4. Then take a look at population density.  Russia is the worst casualty.  It has very few people, even though it has lots of land and water.  Thus, despite having the largest reserves of gold, rare earths, and other minerals, it hasn’t been able to exploit them because it has little surplus capital, and fewer people.  In 2009, this author had urged the government of India to set up labour camps in Russia in a government-to-government deal which could help Russia exploit minerals in much the same way as India helps it extract oil and gas through OVL (a subsidiary of the government-owned ONGC).   Now, if China is savvy, it will enter into such deals, because China has both the capital and the human resources. Either way, expect inter-dependencies among India, Russia, and China to increase, once again spurred on by the provocation of war between Ukraine and Russia (  It is crucial for China to work closely with India.
  5. Finally, look at the financial numbers.  China has a significantly lower per capita GDP (nominal) than the US, and even Russia. But the rate at which China is growing, it won’t be long before even this benchmark is crossed.  China’s refusal to spend much on waging wars or developing a military machine has ensured that its energies remain focused on the growth of its economic and human resources.  That is where the US could lose out.  Without its weapons sales, the US could shrivel to half its size.  In fact, the urging of Europe to spend more on arms will actually weaken Europe, not make it stronger.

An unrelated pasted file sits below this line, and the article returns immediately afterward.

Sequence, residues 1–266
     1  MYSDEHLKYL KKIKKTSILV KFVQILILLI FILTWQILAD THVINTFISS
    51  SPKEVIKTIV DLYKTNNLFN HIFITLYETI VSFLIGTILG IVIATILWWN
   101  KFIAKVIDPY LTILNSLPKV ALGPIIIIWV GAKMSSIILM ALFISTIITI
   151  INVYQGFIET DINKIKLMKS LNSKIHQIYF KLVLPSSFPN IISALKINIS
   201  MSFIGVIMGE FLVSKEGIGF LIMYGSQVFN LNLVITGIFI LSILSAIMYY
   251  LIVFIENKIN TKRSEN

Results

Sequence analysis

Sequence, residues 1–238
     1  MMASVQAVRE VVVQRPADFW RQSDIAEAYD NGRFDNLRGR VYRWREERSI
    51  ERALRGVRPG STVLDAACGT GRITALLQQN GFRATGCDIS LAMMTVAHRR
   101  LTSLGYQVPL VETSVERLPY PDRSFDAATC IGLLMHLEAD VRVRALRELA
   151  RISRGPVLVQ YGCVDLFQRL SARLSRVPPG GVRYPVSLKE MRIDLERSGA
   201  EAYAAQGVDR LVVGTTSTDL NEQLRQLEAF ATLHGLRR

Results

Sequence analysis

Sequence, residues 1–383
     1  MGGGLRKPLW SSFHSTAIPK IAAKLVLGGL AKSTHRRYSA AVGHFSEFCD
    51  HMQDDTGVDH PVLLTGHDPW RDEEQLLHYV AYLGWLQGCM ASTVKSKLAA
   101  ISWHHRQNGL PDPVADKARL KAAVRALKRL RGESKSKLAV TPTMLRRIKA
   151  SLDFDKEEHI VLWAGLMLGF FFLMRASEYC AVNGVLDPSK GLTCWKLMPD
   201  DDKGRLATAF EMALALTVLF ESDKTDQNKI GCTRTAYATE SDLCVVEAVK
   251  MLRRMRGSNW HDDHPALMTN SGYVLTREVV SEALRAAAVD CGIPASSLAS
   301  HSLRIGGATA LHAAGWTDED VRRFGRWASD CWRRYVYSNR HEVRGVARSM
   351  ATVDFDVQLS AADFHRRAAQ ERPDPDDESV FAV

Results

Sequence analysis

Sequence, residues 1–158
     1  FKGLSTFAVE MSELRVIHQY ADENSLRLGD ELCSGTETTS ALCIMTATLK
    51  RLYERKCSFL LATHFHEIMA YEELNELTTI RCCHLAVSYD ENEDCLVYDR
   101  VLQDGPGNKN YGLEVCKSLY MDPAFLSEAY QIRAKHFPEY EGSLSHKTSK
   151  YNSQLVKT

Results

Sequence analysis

6. But watch India. Its per capita income is lower than that of Sri Lanka, even though its large population allows it to have more heft through its GDP numbers (Free subscription —

Where does China stand now?

First, there is no denying that China is facing a slump in the growth of its population.  Second, it is obvious that it is burdened by debt.

As an April 2023 report in the New York Times ( points out,  “China, which has lent nearly $1 trillion to some 150 developing countries, has been reluctant to cancel large debts owed by countries struggling to make ends meet. That is at least in part because China is facing a debt bomb at home: trillions of dollars owed by local governments, their mostly off-the-books financial affiliates, and real estate developers.”